In the Most Wanted series, Chief Marketer looks at some of the top demographic segments marketers need to target in 2017. In this week’s spotlight, the LGBT community.
Who: Short for “lesbian, gay, bisexual and transgender,” the LGBT market consists of those who do not identify as heterosexual. The sector is sometimes referred to as LGBTQ, with the Q standing for “queer” or “questioning,” depending on whom you ask. That said, LGBT is the favored term among the majority of the audience, according to the 10th Annual LGBT Community Survey, released in July 2016 and conducted by San Francisco-based Community Marketing, Inc. (CMI). One reason: Queer is still considered a pejorative among baby boomers and even some Generation Xers. Even millennials, however, favored LGBT to LGBTQ, by 72% to 68%.
The Stats: Estimates regarding the number of LGBT Americans vary from 4.6% of the population (Pew Research, per a 2014 survey) to 8% (Public Religion Research Institute, also from a 2014 survey). That would put the size of the market between 14.8 million and 25.8 million. Regardless of the exact number, Washington, DC-based PR and marketing firm Witeck Communications estimated the disposable personal income of LGBT adults in 2015 as $917 billion.
Why You Want to Reach Them: If the sheer size of the market isn’t enough to convince you, consider this: More than 54% of millennials who participated in an August 2014 Google Consumer Survey said they would choose an LGBT-friendly brand over a competitor that wasn’t “equality focused.” By including the LGBT audience in your marketing efforts, you’re also encouraging engagement with a substantial number of non-LGBT consumers.
Preferred Channels: The channel and media preferences of the LGBT audience are really no different from those of their non-LGBT counterparts. “They should be treated differently as a market,” says Jenn T. Grace, a Hartford, CT-based LGBT business strategist, “but no differently than you would target, say, millennials vs. baby boomers.”
In other words, demographics are more influential than gender preference when determining how best to reach the audience. If a combination of email and mobile marketing has been effective for you in reaching heterosexual consumers of your target demographic, it should also be effective in reaching LGBT consumers within that demo. “The LGBT consumer isn’t some rare unicorn,” Grace says. “They truly are a microcosm of the larger community you’re serving.”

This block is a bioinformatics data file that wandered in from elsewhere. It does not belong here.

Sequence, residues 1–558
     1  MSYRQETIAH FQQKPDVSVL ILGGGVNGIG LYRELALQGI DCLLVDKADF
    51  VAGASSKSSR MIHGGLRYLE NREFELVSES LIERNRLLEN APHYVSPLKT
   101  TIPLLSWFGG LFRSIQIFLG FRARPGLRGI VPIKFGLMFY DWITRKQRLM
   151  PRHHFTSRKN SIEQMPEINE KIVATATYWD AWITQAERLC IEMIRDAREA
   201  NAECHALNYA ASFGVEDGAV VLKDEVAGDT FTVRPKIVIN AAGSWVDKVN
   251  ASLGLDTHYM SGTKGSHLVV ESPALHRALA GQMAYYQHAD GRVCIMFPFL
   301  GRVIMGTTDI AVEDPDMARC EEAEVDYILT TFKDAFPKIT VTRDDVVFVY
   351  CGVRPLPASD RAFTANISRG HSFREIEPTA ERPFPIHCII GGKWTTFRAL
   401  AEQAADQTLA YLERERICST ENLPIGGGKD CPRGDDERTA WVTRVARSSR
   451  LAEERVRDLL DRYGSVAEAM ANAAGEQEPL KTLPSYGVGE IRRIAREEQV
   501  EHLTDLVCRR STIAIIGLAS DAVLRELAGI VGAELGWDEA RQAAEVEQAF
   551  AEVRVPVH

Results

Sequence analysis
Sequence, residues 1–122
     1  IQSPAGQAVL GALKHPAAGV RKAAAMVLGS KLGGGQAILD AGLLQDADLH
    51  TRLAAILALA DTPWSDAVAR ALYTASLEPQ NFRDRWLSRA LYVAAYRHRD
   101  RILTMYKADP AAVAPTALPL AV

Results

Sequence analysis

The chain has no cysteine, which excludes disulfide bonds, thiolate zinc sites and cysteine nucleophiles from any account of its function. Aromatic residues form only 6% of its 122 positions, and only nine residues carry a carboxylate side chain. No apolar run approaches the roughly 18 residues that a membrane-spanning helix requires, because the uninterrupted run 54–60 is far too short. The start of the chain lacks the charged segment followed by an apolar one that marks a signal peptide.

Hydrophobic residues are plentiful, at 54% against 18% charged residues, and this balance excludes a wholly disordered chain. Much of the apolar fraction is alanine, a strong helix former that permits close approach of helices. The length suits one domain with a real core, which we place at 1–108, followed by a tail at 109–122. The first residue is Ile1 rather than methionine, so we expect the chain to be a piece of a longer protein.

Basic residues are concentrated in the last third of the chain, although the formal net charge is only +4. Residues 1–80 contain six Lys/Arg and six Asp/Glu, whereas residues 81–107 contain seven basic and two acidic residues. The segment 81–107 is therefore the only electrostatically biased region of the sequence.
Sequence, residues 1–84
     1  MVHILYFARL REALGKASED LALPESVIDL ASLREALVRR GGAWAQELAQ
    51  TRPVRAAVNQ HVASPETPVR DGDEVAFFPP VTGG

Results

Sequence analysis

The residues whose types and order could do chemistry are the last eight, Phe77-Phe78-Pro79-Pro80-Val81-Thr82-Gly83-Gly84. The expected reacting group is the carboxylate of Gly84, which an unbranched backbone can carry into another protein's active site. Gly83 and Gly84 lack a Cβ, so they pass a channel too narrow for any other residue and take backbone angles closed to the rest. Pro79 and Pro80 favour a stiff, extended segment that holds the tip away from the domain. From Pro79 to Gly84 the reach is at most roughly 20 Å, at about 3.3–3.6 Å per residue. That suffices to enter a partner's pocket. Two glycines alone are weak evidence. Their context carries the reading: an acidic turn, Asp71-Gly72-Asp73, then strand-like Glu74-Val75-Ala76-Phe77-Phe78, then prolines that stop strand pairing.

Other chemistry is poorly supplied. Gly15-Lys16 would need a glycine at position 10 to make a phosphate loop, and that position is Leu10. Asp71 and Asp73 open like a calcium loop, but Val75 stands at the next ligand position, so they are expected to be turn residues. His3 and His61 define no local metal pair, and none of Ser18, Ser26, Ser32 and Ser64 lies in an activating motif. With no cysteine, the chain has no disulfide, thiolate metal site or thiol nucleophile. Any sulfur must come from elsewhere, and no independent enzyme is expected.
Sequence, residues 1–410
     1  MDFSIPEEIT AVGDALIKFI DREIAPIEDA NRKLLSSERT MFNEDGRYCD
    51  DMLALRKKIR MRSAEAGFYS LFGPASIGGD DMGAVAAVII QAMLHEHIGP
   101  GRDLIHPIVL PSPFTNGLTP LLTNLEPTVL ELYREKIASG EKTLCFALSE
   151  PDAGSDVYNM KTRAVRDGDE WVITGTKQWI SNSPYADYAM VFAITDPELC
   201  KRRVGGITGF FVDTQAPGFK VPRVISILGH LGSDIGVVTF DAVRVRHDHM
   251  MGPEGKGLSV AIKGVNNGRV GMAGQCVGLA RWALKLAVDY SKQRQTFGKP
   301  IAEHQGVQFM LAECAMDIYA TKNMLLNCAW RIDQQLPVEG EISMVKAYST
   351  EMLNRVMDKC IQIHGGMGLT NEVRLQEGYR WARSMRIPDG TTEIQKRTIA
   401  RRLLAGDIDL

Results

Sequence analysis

For that reason, arguably the easiest way to reach out to the market is to include photos of same-sex couples and other LBGT-friendly imagery among your marketing materials. Showing same-sex couples alongside heterosexual couples in catalogs, for instance, lets consumers know that you’re inclusive without singling out LGBT buyers as “rare unicorns,” anymore than you’d single out African American, Hispanic or differently abled consumers.
Another effective way to show that your brand supports the audience is to participate in LGBT events such as Pride Walks. Note that we said “participate,” not merely “sponsor.” While it’s all well and good to sponsor parades with signage—or to advertise in gay media, for that matter—“when you’re advertising to the community or you’re sponsoring something, people expect you to show up and walk the walk and talk the talk,” Grace says. “You have to participate in regional events, national events, local events.”
Having a physical presence at such events is key to establishing authenticity among this audience. Easily as important is making sure that your company’s policies are LGBT-friendly. For instance, if your state still allows employment discrimination based on sexual orientation or gender identity, your company needs to have in place policies offering antidiscrimination protection before you can reach out to the LGBT community. Otherwise, “there’s going to be a big disconnect,” Grace says—especially since the LGBT audience tends to be highly educated and aware of corporate policies and attitudes.
Who’s Getting It Right: From its launch in 2014, Honey Maid graham crackers’ ongoing “This Is Wholesome” campaign focused on inclusivity, with ads featuring minority, blended, multicultural, multiracial and LGBT families. A commercial that included same-sex parents received backlash and threats of boycotts from groups such as One Million Moms, who claimed it was an effort to “normalize sin.”
As powerful as Honey Maid’s initial commercial was, its response was even more so: a spot in which it had artists create an installation declaring “Love.” The artwork was made of printed-out emails of consumers the ad had angered —and from the messages of those who praised the original ad, which outnumbered the messages of protest 10 to 1. Doubling down on its inclusionary message earned Honey Maid even more praise from the LGBT community and its allies. “A lot of times it’s how you respond to the criticism that makes or breaks when marketing to the community,” Grace notes.
TD Bank has also earned kudos for its longtime support of the LGBT audience. The bank has had a Lesbian, Gay, Bisexual, Transgendered, and Allies subcommittee since 2004. In addition to sponsoring scores of Pride Week parades every year—and having a loud-and-proud presence at them—it’s been recognized by the Human Rights Campaign as one of the best workplaces for LGBT equality in the U.S. since 2010 and offers the Reaching Out LGBT MBA Fellowship, with recipients receiving scholarships and leadership development.